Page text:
Case BriefsCOVID 19Supreme Court

Supreme Court: The 3-judge bench Ashok Bhushan, SK Kaul and BR Gavai, JJ disposed of the petition seeking a direction to expedite repatriation of the Indian and Nepali citizens through diplomatic channels who stuck in Nepal and India, respectively, due to COVID-19 lockdown, after Solicitor General Tushar Mehta told the Court that,

“the consulate at Nepal is taking all necessary care of those Indian citizens and the Government has decided to bring back those Indian citizens after 07.05.2020 and necessary steps in that regard are being taken.”

Senior Advocate Colin Gonslaves, appearing for the petitioner, had told the Court that there were large number of Indian Citizens who were stranded in Nepal and were not able to come to India.

He also told the Court that

“after the last order was passed on 30.04.2020 positive development was taken and large number of Nepali citizens have been sent back to Nepal but still there are about 214 persons who have not yet been sent.”

On this Tushar Mehta said that he will look into the matter and if there are still Nepali citizens who need to be sent, necessary steps shall be taken.

[Ganga Giri Goswami v. Union of India, 2020 SCC OnLine SC 436 , order dated 05.05.2020]

Case BriefsHigh Courts

Delhi High Court: Deciding a petition by way of PIL which alleged that passports were being issued to Indian citizens and foreigners alike with non-existent addresses on the basis of false police verification reports of Special Branch of Delhi Police, the Bench of G. Rohini, C.J. and Jayant Nath, J. observed that it was necessary for the Union of India to revisit the existing mechanism for verification of the credentials of the applicants before issuing passports and to take steps for exploring more effective procedure.

In order to substantiate its allegation, a specific reference was made by the petitioner to the passports issued to 5 persons, whose addresses as recorded in the passports were said to be non-existent. The respondents submitted that though the passports were issued, the same were not misused. Upon further enquiry into all the 5 cases, it was found that no inquiry was conducted by the police authorities before issuing the police verification reports.Therefore, enquiry officer concerned had been suspended and a departmental inquiry was initiated by the competent authority.

The respondents submitted that though the possibility of an applicant applying with a fake/forged document or a genuine document obtained fraudulently cannot be ruled out completely and it is also possible for an applicant to furnish a proof of Indian citizenship such as election identity card, either fake/forged or obtained fraudulently, and sometimes such documents may escape the attention of the verification officer, all such cases cannot be treated as cases processed with malafide intention. In all cases where it has come to the notice of the competent authority that they have been processed by any official of the Passport Office by flouting any of the rules or processed deliberately on the basis of forged documents, appropriate action as per the rules is taken against the erring official, apart from taking steps for impounding/revocation of the passport.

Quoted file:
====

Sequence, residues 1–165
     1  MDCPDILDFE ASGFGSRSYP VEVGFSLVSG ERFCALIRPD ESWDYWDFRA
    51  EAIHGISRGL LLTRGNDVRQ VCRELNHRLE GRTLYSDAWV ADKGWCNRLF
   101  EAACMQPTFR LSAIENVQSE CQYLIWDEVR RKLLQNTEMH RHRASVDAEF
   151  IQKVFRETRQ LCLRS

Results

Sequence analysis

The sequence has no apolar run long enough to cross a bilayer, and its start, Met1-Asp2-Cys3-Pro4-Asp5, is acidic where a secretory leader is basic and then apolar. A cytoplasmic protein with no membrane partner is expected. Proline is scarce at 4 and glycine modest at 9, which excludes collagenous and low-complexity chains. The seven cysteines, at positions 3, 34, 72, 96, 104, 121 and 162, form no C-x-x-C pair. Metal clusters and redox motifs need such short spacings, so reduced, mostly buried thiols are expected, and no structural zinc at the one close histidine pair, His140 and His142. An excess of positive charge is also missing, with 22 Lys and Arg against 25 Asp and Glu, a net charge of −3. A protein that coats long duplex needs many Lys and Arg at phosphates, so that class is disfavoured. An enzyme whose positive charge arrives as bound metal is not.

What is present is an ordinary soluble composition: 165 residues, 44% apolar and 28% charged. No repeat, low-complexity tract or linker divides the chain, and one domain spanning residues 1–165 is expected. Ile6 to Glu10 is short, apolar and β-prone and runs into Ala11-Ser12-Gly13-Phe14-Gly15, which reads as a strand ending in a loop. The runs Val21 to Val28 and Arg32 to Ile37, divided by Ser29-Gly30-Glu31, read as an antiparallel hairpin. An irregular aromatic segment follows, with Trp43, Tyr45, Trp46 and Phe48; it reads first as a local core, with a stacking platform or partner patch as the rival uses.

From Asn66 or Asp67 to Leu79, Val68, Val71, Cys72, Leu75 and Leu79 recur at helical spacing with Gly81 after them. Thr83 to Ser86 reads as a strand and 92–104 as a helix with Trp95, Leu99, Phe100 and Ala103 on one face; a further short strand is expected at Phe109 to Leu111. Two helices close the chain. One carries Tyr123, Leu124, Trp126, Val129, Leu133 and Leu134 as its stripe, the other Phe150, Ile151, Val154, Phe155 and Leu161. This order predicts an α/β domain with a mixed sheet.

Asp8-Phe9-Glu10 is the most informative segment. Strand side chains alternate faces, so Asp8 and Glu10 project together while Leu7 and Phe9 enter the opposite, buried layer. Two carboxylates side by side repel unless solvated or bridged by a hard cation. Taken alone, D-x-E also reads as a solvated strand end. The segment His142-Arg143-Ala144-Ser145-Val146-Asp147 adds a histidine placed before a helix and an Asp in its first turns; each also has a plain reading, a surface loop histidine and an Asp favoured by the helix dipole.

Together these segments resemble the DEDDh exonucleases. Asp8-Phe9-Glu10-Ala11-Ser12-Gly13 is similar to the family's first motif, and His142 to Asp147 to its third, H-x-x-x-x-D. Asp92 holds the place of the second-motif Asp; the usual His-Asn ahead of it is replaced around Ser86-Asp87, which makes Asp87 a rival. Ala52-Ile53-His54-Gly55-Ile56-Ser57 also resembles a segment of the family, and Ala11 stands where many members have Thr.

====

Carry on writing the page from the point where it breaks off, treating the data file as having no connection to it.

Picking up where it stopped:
The Court observed on the basis of the material placed on record that though sufficient statutory measures are in place to check issuance of passports on the basis of fake/forged documents “however, as admitted by the respondents themselves, there are still certain lacunae in the system which may result in issuance of passports to Indian citizens/foreigners on the basis of false/forged documents. It is, therefore, necessary for the Union of India to revisit the existing mechanism for verification of the credentials of the applicants before issuing the passports and to take steps for exploring more effective procedure”.

The Court held that “Keeping in view that passport is a very important document which enables person to travel abroad and the lapses, if any, in following the statutory requirements for issuance of passport may result in serious consequences, hence stringent approach be adopted while dealing with the erring officials”. It however, declined the plea of investigation by NIA or CBI deeming it unnecessary under the circumstances.

The writ petition was disposed of with a direction to the respondents to ensure strict compliance of the existing procedure for verification of the credentials of the applicants before issuing the passports at every stage of the processing of the applications. [Paardarshita Public Welfare Foundation (NGO)  v. Union of India, 2016 SCC OnLine Del 2811, decided on May 9, 2016]